Chemical Pollution Hotspot in Woburn
Woburn, Massachusetts, is a town located about 10 miles north of Boston. In the mid-20th century, Woburn became known for a high incidence of leukemia among children, which was ultimately due to pollution from local industrial plants.
Causes of chemical pollution in Woburn
Pollution in Woburn was primarily caused by dumping industrial waste, including toxic chemicals such as trichloroethylene (TCE) and perchloroethylene (PCE), in leaky disposal sites. From 1954 to 1978, W.R. Grace operated a tannery in Woburn that dumped toxic chemicals into the soil and groundwater. Another company, Beatrice Foods Co, operated a food processing plant that also contributed to the pollution. These plants contaminated groundwater, which local residents used as drinking water.
Implications for local residents
Woburn residents have had a high incidence of leukemia and other diseases as a result of the contamination. Some affected children's families have sued the companies responsible for the contamination, claiming that their negligence caused the illnesses. Studies have shown that trichloroethylene can increase the risk of leukemia, especially in people exposed to high concentrations of the substance for long periods. This is because TCE can disrupt the normal functioning of the immune system and cause mutations in the genetic material of cells. In addition, TCE can be responsible for other types of cancer, such as liver, kidney, and lung cancer. It can also lead to other diseases such as autoimmune diseases and diseases of the nervous system.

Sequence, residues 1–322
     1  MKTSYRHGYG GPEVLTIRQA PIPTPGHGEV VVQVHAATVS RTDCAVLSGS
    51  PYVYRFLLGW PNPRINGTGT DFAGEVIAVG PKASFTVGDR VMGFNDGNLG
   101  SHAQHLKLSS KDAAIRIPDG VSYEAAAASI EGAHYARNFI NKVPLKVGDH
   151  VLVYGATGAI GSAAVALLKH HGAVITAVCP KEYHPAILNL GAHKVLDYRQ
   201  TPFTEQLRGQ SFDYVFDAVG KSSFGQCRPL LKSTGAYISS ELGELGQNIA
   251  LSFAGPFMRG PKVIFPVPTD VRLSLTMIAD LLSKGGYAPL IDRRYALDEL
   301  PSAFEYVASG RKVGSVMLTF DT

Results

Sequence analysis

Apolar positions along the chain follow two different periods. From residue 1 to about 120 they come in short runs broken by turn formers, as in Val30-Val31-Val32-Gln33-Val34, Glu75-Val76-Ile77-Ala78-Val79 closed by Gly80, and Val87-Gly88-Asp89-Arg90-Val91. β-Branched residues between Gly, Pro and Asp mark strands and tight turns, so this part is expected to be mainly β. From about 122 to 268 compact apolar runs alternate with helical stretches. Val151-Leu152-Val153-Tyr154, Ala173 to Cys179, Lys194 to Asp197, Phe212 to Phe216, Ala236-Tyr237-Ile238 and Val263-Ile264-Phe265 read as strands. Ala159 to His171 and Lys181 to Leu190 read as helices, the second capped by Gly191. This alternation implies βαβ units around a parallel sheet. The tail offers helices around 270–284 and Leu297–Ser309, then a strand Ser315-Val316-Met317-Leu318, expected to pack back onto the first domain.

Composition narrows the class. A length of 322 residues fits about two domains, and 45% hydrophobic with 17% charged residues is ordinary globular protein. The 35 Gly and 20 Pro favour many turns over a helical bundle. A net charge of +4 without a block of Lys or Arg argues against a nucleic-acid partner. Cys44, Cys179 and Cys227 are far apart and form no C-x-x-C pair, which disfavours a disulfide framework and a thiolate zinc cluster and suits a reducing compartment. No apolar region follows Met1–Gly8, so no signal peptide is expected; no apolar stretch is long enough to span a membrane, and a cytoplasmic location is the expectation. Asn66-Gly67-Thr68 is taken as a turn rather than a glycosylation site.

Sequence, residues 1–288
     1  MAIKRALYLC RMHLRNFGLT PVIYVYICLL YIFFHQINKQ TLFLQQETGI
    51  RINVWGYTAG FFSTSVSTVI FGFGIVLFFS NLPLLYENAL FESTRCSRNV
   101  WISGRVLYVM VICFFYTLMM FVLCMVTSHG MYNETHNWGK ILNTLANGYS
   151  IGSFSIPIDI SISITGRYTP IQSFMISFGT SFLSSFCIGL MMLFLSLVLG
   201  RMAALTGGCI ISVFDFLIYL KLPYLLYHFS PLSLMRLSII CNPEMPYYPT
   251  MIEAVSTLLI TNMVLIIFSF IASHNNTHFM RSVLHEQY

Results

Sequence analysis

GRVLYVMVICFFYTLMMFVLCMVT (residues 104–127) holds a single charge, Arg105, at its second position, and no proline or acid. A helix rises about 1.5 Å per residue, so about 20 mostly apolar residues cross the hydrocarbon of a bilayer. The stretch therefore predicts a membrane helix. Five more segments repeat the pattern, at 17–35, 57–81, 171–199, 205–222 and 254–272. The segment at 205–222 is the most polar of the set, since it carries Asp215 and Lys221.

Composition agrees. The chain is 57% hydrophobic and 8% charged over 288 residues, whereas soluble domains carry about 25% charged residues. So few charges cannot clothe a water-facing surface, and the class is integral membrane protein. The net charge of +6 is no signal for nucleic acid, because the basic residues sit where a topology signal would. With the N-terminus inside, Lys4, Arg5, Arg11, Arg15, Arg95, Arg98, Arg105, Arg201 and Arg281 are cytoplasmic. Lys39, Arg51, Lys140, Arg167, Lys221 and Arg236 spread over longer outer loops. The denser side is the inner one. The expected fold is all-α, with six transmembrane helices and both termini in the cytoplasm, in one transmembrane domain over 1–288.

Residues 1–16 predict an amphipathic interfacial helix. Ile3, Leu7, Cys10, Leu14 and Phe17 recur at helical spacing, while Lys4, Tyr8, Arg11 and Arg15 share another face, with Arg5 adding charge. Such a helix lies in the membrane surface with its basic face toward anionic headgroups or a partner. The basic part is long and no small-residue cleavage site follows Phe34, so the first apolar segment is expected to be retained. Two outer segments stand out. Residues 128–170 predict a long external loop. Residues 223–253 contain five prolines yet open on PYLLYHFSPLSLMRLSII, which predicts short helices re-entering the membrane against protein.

The Woburn contamination serves as an instructive example of the importance of responsible waste management and the possible consequences of failing to properly manage toxic chemicals. The incident also led to changes in environmental regulations and increased public awareness of the dangers of chemical pollution. The legacy of environmental contamination in Woburn continues to this day, and efforts are underway to remediate contaminated groundwater and soil. The Woburn Environmental Working Group, a post-trial community organization, continues to advocate for environmental justice and public health in Woburn and beyond.
Woburn water tested above the state's maximum contaminant limit for PFAS, sometimes called forever chemicals, across third quarter tests, the city said in a letter some residents received Tuesday. The city's water again tested above the limit in October before falling just below it in November, according to an update on the city website. The city's water tested on average at 24 parts per trillion across five tests from July to Sept., according to the letter. The state maximum contaminant level for drinking water, set in Oct. 2020, is 20 parts per trillion.
Nearly 30 years after that landmark court case, the wells that supplied both toxic drinking water and a legacy of cancer to Woburn remain contaminated despite a $21 million cleanup effort. And no one, not even the U.S. Environmental Protection Agency which monitors the site as part of the federal Superfund program, knows whether humans are still being exposed to its witch's brew of chemicals, federal records show.